The Paris Café by Jean-Georges Vongerichten serves breakfast, lunch, and dinner.

Courtesy of TWA Hotel/David Mitchell

Paris Café, a Jean-Georges Vongerichten restaurant There are multiple places to eat throughout the TWA Hotel, but the most exciting option is the Paris Café by Jean-Georges Vongerichten. Located on the mezzanine level of the historic building, the 200-seat restaurant takes over the footprint of the terminal’s original Paris Café and Lisbon Lounge, which shuttered in 2001 when the terminal closed. The new restaurant is now open for breakfast, lunch, and dinner and serves food inspired by in-flight menus from TWA.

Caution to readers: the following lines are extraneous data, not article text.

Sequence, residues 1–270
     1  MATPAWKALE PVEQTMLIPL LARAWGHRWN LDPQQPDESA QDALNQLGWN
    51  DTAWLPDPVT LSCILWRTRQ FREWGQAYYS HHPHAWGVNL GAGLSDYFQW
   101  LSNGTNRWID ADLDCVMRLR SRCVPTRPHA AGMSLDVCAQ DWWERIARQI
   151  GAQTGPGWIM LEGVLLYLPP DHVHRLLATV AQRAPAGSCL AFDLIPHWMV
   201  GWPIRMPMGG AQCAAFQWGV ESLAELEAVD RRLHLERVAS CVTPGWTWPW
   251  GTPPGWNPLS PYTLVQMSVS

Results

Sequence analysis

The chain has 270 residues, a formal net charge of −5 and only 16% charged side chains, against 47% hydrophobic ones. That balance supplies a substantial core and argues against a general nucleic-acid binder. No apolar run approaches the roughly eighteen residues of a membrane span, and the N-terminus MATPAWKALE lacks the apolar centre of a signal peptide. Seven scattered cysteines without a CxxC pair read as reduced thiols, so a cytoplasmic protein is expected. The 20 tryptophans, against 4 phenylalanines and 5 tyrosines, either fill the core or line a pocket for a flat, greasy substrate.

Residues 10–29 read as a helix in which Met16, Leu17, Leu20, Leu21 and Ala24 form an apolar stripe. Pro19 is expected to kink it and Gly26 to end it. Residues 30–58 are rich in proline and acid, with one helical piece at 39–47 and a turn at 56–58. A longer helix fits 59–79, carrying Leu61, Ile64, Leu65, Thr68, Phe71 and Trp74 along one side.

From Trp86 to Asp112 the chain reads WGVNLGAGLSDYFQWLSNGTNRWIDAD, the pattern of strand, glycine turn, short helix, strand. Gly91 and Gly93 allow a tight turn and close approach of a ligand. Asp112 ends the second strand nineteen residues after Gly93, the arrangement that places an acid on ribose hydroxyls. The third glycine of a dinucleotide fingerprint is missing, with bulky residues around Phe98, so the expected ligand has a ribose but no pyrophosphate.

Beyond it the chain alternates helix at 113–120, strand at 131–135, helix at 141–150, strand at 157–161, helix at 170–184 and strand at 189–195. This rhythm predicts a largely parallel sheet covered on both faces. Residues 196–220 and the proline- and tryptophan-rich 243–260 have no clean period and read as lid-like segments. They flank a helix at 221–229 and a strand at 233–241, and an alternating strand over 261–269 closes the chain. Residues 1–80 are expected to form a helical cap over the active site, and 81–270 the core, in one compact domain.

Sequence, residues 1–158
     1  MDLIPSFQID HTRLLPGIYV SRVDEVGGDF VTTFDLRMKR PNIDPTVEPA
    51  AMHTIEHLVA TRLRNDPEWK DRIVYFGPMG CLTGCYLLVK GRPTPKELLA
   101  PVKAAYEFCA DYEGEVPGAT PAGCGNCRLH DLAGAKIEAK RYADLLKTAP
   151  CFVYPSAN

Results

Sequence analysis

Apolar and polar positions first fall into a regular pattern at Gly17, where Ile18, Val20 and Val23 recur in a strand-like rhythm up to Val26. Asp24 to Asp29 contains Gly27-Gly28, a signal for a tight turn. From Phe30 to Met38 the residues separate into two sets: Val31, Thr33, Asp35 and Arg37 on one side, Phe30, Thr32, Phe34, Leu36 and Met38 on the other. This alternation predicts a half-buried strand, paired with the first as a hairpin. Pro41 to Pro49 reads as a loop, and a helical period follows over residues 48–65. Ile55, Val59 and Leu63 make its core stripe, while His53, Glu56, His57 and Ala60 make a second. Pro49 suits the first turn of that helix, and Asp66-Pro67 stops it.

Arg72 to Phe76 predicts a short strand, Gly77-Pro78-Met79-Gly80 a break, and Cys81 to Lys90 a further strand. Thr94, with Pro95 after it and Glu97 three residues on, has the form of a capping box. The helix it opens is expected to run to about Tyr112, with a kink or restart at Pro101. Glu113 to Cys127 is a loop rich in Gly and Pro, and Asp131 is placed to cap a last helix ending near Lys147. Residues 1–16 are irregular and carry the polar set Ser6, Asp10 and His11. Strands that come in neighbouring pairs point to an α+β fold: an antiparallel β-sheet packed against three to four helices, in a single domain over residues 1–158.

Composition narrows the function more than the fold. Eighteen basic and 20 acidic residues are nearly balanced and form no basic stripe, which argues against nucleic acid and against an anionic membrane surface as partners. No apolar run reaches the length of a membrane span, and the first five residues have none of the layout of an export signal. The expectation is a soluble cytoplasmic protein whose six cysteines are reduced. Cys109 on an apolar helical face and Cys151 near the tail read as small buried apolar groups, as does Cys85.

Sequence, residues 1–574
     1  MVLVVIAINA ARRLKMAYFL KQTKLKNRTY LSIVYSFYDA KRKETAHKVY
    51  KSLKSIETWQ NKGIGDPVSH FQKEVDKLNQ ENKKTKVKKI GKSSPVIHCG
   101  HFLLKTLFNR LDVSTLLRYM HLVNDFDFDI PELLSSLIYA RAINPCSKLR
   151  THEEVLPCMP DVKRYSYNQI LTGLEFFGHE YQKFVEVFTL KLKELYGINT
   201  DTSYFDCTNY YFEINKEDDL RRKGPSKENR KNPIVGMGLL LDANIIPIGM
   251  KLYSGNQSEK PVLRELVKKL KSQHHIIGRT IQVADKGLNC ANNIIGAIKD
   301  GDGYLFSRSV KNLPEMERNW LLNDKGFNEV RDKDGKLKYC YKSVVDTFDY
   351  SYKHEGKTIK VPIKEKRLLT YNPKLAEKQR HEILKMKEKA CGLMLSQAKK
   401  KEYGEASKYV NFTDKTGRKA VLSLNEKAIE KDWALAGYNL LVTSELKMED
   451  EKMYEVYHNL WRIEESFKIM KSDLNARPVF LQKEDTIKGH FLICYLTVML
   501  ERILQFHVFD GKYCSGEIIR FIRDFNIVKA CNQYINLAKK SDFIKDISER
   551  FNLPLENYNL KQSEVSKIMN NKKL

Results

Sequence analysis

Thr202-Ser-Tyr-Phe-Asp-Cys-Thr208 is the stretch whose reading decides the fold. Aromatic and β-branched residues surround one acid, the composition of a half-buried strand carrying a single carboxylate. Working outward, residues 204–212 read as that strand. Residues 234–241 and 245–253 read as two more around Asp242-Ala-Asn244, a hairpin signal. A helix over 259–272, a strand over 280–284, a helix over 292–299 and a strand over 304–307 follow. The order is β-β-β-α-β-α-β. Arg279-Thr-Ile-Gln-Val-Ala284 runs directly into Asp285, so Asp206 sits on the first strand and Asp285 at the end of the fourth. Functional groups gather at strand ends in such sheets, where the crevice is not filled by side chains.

For quick meals, the Departures Hall features food-court style offerings from The Halal Guys, Empanada Republic, and Antico Noè. Intelligentsia has been tapped to provide service at the coffee bar and coffee carts located throughout the hotel.

For guests who check in during the evening, it’s important to note that the restaurants close surprisingly early at the TWA Hotel. During our recent stay, the Paris Café and all of the venues at the Departures Hall close by 9 p.m., leaving the small bites menu at the Sunken Lounge as the only option. Since we arrived later in the evening, we made do with a dinner of cocktails, hummus, and a meat and cheese platter (but we saw others order in Chinese food and pizza from local spots near the airport).


The cocktail menu at the Connie Airplane lounge includes classics like Martinis and Negronis.

Photo by Lyndsey Matthews